Miller is no stranger to these experiences. She trained in kickboxing for 10 years, what she described as a male dominated sport, and said that her teacher, a professional female kickboxer, helped her to train hard so that she could compete against the boys.
Caitlin Hall, a freshman mechanical engineer, said she chose engineering to combine her passion for art and science.
“I loved to figure out how things functioned and I respected even the smallest of contraptions, like a stapler,” Hall said. “Who would have ever thought of that? I want to form a mind of an engineer so one day I can be the root of what I found so magical when I was younger.”
Female enrollment in engineering schools nationwide varies based on the types of programs offered.
“Different programs can have a lot more females in them,” Ward said. “The ones that I have seen are biomedical engineering, environmental engineering and chemical engineering. Myself and others have seen higher proportions in those programs. On our campus the highest proportion of females is in chemical engineering.”
There is not a plan to begin other programs that tend to be statistically more attractive to female applicants, as according to Ward, the resources are not available for it.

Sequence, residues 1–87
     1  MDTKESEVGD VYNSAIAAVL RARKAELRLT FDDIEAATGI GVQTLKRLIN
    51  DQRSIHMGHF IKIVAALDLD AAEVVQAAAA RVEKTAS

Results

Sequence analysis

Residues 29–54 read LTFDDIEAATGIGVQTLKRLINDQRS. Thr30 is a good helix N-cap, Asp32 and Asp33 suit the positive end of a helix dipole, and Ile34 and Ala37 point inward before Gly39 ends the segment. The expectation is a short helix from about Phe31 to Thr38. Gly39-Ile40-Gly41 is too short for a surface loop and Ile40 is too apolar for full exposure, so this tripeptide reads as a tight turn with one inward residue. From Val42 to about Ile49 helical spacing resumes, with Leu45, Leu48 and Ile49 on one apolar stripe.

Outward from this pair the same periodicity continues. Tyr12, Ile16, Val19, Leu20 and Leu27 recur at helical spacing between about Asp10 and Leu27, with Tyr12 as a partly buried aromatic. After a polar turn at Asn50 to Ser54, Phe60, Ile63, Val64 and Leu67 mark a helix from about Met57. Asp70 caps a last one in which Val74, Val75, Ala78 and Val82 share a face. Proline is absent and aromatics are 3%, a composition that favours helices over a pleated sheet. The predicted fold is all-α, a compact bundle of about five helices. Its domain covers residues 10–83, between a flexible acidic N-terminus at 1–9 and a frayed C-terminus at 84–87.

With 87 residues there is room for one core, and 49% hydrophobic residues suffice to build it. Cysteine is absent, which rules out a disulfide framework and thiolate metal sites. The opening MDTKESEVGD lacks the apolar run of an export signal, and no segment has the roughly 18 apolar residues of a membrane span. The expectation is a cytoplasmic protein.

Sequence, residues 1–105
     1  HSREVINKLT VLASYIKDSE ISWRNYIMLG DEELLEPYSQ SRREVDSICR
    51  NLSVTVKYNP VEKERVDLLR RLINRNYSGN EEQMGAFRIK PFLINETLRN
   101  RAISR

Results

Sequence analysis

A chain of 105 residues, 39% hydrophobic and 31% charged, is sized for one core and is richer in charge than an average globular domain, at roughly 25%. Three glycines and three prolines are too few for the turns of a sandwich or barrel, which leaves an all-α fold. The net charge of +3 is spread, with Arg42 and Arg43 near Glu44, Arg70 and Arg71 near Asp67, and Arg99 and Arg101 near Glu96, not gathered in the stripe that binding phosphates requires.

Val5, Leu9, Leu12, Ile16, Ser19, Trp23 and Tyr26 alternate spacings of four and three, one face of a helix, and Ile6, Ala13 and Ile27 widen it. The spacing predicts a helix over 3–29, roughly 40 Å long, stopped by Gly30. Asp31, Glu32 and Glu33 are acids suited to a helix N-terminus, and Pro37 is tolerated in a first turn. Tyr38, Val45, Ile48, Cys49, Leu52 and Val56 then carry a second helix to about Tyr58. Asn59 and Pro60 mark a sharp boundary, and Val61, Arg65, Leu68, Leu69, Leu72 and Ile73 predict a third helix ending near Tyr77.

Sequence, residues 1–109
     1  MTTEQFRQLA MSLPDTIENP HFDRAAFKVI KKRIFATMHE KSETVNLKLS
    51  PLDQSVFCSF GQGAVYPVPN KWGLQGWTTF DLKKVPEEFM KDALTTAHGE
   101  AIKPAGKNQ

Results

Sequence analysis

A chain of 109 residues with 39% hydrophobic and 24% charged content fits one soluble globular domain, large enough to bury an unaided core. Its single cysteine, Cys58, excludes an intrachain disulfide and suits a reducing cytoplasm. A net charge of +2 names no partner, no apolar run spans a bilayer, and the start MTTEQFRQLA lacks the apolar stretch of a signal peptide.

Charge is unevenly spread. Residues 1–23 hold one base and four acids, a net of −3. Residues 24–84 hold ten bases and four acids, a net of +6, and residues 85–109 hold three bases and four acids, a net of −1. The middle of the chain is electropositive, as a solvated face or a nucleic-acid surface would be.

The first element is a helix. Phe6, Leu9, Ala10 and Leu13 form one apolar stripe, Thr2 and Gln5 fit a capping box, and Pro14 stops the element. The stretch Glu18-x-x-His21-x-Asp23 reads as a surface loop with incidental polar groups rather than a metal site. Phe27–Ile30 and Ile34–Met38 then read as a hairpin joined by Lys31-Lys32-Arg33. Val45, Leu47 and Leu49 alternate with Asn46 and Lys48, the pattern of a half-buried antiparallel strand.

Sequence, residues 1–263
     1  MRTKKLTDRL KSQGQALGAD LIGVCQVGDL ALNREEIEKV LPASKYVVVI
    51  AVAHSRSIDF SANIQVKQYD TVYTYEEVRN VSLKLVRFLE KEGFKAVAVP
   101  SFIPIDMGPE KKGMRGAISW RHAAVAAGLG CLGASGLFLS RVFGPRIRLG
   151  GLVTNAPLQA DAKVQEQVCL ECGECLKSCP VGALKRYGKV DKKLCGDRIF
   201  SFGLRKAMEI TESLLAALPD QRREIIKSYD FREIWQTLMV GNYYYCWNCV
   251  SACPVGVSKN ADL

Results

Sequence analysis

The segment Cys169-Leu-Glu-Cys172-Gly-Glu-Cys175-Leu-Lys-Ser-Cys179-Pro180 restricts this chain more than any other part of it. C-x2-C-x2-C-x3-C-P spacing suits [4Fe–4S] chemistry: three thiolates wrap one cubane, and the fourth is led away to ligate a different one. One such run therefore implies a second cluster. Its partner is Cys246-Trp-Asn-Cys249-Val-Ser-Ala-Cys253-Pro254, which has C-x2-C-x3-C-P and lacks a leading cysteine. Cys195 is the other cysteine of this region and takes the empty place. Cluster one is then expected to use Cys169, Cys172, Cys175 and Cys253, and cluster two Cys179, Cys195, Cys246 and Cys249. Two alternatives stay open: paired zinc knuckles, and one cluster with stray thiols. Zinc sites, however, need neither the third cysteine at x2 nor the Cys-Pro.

“Is there something like this at Manhattan? Not yet,” Flynn said. “But these things take money.”
The School of Engineering instead takes the approach that obtaining a good basic degree in one of their major programs can lead to a further concentrated program of study at the graduate level. At MC, there is an active presence of women engineers on campus.
The national organization, the Society of Women Engineers (SWE), has a chapter at MC. Katie Lang, the Vice President of External Affairs for the college’s chapter, said she feels their presence is an important part of the female engineering experience at Manhattan College.
“It is important for women engineers to support and empower other women engineers,” Lang said. “We bring together young women engineers at Manhattan College to be role models not only to each other, but also to young girls in general.”
“It’s always nice to have support groups,” Ward said. “We talk about community at Manhattan College. Community means associating with all different varieties of people that not only you can support but can support you. Society of Women Engineers is something that would be really vital to that.”
Hall also noted SWE as an important outlet and presence on campus. “It’s good to get together with the few women engineers that there are,” she said. “It can make one much more comfortable and welcome to the field knowing that they aren’t alone.”
While Ward said the school strives to attract a diverse group of applicants, he feels at its core that engineering and the experience of students at Manhattan College should not be adversely affected by their identity.
“As far as I’m concerned, engineering should be devoid of any type of gender, racial, ethnic or religious bias,” Ward said. “Statics is statics, that’s just it.”